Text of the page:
In the photo above, one of the indoor-longer plants is on the left. On the right is the outdoor-longer plant I’d just pulled out. I’ll try to remember to make another post in a month or two once it becomes clear which set of plants is doing best.
In other garden news, we picked our first three asparagus spears Sunday! Dandelion, our garden guardian, predicts many more will head into our bellies soon.
How’s your garden growing?
We noticed our first Snow Pea climber of 2023 a few days ago.
It seems to me that the difference between good and great climbers is a little nudge here and there to encourage upward growth.
My goal is to get them all to grow high enough to escape the afternoon shade that sets in.
If you have some broccoli seedlings maturing inside today is the day to set them free.
Broccoli is one of our biggest producers thanks to Anna’s careful planning and our new caterpillar protection method which blocks that seemingly harmless moth from making you nourish her young at the expense of beautiful broccoli plants.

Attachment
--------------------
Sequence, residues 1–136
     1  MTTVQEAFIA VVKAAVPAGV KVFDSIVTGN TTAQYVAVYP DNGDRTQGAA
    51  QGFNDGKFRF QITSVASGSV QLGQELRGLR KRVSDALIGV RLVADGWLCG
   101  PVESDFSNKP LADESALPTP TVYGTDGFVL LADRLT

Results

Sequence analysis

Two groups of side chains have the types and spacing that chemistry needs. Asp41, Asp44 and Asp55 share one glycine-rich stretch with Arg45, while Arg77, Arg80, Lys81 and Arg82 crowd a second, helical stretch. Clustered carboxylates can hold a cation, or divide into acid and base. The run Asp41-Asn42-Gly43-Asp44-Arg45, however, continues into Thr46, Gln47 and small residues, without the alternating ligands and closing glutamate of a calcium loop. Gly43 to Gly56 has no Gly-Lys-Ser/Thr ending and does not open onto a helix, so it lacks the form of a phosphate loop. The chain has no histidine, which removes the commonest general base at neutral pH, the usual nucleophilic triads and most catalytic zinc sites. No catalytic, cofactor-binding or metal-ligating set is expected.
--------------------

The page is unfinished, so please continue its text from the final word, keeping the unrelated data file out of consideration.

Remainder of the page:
I like to direct-seed leaf lettuce under a row-cover-coated caterpillar tunnel in early February, a holdover from gardening half a zone warmer than where we are now. Most years, those early lettuce either don’t sprout or sprout and perish. This year is the outlier that makes me keep jumping the gun. Lettuce planted on Valentine’s Day is well established now at the end of the month.
Meanwhile, the more dependable way to get a jumpstart on the garden year in our climate is by starting seedlings inside. I usually go for all-in-one flats, but Mark bought me a bunch of smaller containers that fit into a flat and I’m getting a lot out of the mix-and-match approach. This way, I can start a flat of veggies that germinate at different rates, leaving the slow germinaters (like parsley) behind under cover while pulling out the fast germinaters (like broccoli). Then I can start more seedlings to fill in gaps atop that all-important heat pad.
I’ve even gotten into starting peas inside, but those I do in fifty-section flats because the seedlings have to be set out as soon as the tops are up. Here, I’m planting the first flat into Mark’s porch raised bed.
Seedlings are fun, but what about goodies we can eat right now? Most years are so cold up here that, even under cover, leafy greens perish before spring. This winter, in contrast was mild by our standards. A few kale plants are hanging on under the row covers while uncovered arugula is already growing and putting up flower heads. Looks like we’re having sauteed arugula for dinner!
What’s going on in your garden?